A Russian rocket carrying three astronauts to the International Space Station successfully took off from the Baikonur Cosmodrome on Thursday, the state-run TASS news agency reported.
The launch marked the first flight of a modernized version of the venerable Soyuz spacecraft that Russia has flown since the late 1960s.
Known as the Soyuz-MS, the new vessel features an all-digital control system, streamlined internal hardware, and more efficient solar panels. It is intended to be the final modification of the Soyuz spacecraft, and will be used until Russia fields its still-in-development Federation spacecraft in the 2020s.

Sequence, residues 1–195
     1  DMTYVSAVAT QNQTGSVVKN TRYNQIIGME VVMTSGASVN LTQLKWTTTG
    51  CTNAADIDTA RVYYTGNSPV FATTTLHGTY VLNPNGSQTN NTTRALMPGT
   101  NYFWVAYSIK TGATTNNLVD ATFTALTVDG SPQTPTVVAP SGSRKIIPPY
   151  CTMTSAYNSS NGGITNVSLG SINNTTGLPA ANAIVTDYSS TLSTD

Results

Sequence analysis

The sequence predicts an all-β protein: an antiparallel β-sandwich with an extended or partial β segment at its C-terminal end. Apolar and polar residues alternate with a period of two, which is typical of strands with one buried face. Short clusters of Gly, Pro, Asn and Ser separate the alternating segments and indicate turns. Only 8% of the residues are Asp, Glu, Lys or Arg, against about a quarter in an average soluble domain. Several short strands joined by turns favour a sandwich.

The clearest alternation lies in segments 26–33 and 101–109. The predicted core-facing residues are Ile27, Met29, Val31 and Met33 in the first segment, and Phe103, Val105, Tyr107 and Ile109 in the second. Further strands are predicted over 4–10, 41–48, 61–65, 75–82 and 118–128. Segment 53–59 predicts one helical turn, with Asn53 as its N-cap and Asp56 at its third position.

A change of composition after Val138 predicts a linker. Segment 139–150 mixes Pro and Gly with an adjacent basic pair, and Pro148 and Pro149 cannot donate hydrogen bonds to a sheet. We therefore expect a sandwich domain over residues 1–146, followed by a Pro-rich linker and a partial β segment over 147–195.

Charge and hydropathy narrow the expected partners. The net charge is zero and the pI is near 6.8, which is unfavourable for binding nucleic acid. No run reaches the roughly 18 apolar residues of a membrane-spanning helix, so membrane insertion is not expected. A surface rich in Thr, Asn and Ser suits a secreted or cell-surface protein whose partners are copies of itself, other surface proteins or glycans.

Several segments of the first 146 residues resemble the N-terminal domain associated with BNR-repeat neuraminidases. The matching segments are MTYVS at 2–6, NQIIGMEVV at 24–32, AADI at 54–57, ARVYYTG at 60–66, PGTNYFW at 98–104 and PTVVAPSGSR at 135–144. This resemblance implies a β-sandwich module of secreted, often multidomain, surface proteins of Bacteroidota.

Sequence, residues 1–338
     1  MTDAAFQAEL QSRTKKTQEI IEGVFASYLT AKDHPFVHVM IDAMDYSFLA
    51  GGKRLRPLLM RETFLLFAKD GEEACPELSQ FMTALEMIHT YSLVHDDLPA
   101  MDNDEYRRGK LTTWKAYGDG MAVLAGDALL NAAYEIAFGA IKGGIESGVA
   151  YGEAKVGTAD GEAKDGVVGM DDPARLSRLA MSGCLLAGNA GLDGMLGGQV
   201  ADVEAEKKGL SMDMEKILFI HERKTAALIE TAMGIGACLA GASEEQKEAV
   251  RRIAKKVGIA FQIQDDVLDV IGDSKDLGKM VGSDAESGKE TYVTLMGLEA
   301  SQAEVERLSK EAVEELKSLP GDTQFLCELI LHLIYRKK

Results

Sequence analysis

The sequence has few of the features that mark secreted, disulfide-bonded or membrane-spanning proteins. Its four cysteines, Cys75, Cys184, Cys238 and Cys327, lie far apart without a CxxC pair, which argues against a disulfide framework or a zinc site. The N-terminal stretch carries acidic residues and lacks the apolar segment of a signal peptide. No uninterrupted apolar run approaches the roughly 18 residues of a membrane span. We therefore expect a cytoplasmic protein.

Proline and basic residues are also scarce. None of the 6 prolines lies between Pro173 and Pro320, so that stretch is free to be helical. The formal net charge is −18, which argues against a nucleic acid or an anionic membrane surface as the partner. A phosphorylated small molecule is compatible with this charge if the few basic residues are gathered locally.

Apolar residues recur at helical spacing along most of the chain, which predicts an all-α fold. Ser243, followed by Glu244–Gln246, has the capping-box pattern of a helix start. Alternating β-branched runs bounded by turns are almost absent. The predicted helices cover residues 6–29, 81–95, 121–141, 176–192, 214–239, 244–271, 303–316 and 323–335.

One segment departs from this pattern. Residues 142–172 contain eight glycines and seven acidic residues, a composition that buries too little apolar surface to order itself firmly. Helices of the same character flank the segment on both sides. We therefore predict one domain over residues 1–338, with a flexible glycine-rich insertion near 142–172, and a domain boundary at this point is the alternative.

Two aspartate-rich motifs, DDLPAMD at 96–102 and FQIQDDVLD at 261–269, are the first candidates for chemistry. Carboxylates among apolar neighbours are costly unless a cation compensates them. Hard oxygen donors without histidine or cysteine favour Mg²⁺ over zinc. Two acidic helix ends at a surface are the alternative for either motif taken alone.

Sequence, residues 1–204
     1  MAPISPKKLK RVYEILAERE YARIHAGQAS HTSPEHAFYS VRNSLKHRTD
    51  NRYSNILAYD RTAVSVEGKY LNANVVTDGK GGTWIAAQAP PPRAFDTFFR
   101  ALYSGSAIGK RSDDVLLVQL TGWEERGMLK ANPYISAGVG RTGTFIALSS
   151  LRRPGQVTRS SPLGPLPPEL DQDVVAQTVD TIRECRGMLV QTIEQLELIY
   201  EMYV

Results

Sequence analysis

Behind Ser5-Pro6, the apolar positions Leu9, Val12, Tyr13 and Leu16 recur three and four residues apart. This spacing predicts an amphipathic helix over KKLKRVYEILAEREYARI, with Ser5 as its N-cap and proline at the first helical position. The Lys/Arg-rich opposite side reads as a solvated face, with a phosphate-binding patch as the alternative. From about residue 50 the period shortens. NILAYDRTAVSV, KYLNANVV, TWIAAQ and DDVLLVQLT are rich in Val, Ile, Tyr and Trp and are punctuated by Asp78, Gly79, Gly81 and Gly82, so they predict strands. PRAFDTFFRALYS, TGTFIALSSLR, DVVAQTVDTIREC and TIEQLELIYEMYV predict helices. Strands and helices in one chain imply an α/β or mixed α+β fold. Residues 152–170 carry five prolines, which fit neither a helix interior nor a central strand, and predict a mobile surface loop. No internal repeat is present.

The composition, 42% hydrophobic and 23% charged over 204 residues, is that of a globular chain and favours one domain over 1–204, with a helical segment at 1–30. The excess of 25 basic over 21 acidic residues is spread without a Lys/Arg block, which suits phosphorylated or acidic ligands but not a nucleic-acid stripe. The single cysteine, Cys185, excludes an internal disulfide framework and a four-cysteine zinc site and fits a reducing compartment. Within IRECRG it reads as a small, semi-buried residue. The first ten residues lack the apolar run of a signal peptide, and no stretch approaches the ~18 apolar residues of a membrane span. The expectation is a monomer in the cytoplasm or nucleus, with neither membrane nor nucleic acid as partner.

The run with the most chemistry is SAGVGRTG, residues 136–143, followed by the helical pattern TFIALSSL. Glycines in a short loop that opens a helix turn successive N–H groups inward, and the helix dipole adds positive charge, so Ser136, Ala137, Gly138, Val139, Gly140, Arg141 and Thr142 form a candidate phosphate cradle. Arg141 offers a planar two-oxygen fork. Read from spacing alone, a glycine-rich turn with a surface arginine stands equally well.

The crew will take the scenic route to the International Space Station. While Soyuz missions in recent years have often taken a quick, six-hour route to the orbiting outpost, the new modification will take a more traditional two-day route.
The vessel is commanded by Russian cosmonaut Anatoly Ivanishin, Japanese astronaut Takuya Onishi, and NASA's Kate Rubins. Their Soyuz-MS spacecraft is expected to arrive at the station on Saturday.